Shared Vision article
March 2005 uncommon healer
Where Health and Art Meet
by Lori Nelson
WHO: Marty Levenson, diploma in art therapy, registered art therapist with 10 years’ experience, provides group and individual art therapy at his Vancouver studio (218–111 West Broadway).

QUICK TAKE: “Art therapy is a form of psychotherapy that includes and values the process of making images and reflecting on their significance,” says Levenson. “Creating visual art, rather than using
only words as a means of expression, encourages a shift in how we think about ourselves and our lives. As pictures and sculpturesmake our inner lives concrete and visible, unresolved conflicts can be revisited in a new way.”

HOW IT WORKS: “Therapeutic art may start with a dream, a memory, a feeling, an idea, a body sensation, or simply the urge to doodle,” says Levenson. “Clients then use clay and paint to expand on these beginnings by giving them a physical form,” he says. “As we work, our hands sometimes seem to have something to say, and the art takes on a life of its own, and the curiosity this evokes
opens the door to insightful surprises as we engage the psyche in this new way.” Levenson explains that metaphor is significant in art therapy. “A client’s small clay umbrella, created to ward off a father’s criticisms, may also become the gear on a shaft that brings the power to where it is needed,” he says. “In the art, there is no need to decide the umbrella is one thing or the other. It’s deeply satisfying to discover that an image we have created can help us connect the past to the present in a useful way, and so make better sense of our lives.”

MAINSTREAM VS ALTERNATIVE: “Art therapy tends to value process and creativity as part of the therapy far more than do traditional therapies rooted in the medical model,” Levenson says. “The values of many therapies overlap, and art therapy is not a theoretical orientation or philosophy; it is the use of art and creative process in psychotherapy.” He adds that art therapy is helpful for a variety of issues commonly dealt with in the mainstream model. “Those facing grief, depression, post-traumatic stress disorder, anxiety, trauma, sexual abuse, or addiction have often found relief and courage through their imagery. Others who are working on their relationships, exploring their dreams, or seeking renewed meaning and creativity in their lives have found the depth of art therapy effective and surprising.”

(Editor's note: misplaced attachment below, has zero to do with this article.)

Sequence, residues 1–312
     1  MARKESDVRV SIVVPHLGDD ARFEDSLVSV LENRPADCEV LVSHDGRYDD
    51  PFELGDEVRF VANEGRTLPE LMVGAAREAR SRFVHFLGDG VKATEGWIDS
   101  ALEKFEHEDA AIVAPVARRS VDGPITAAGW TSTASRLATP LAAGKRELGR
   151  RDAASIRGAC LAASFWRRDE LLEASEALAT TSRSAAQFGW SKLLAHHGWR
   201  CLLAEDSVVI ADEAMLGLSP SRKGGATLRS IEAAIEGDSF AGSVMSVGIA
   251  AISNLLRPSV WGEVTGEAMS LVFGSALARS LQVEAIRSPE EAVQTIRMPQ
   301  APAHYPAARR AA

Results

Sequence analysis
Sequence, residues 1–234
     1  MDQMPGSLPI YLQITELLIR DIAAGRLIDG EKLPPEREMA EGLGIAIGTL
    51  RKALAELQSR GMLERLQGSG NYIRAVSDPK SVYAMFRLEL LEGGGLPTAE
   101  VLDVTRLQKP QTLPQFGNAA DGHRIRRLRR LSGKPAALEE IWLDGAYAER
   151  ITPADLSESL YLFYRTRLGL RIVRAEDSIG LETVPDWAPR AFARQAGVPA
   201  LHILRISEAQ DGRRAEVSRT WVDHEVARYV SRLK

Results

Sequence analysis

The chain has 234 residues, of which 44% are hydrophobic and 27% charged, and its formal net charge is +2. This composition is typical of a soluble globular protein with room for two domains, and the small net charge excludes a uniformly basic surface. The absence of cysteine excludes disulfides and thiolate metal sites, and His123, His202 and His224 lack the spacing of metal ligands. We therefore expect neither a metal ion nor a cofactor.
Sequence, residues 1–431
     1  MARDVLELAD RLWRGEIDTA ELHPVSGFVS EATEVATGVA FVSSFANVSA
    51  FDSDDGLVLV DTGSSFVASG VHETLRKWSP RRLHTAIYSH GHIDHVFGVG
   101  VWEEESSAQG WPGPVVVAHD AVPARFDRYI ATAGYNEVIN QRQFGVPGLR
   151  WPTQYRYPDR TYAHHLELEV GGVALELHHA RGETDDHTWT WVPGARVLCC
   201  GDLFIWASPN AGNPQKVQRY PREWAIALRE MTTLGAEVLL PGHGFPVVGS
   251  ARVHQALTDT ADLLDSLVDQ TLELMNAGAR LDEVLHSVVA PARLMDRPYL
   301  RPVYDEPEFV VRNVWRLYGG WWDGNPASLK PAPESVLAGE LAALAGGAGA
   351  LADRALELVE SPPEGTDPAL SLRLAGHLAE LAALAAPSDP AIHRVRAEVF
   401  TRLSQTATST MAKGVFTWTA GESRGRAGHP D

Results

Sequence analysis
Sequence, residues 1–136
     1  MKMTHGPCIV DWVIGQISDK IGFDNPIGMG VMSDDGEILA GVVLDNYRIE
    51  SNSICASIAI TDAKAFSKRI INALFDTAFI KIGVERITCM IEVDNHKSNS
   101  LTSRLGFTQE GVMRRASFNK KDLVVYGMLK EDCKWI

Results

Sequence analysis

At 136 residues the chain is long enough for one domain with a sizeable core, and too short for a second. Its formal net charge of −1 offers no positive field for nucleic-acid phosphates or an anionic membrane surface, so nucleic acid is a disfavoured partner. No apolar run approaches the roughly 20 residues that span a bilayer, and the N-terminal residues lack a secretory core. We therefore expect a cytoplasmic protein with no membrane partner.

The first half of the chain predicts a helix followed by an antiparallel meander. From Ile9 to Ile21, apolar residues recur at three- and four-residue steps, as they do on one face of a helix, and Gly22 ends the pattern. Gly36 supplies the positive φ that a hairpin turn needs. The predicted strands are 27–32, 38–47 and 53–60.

BIGGEST MISCONCEPTION: “The depth and adaptability of working with art therapy is frequently misunderstood,” says Levenson. Art therapy is more concerned with the process and the creative experience than with making a beautiful product, he notes. “Drawing an ugly picture can be an important expression. Feeling safe is central: Art is not critiqued, judged, or analyzed, and the clients’ limits are always respected.”

CASE HISTORY: Levenson worked as a professional artist for 12 years while exploring his other passion, psychology. He says that art therapy has been the perfect merging of these two paths. “It’s great to go to work and constantly be surprised,” says Levenson. “Who can predict what someone will dream, or what images will emerge?”

PERSONAL FILE: A transplant from Cleveland, Ohio, since 1980, Levenson can sometimes be found sailing in the Gulf Islands, restoring an old sailboat, or designing art and therapy-related websites. He can be reached at 604.736.1972 or for more information see.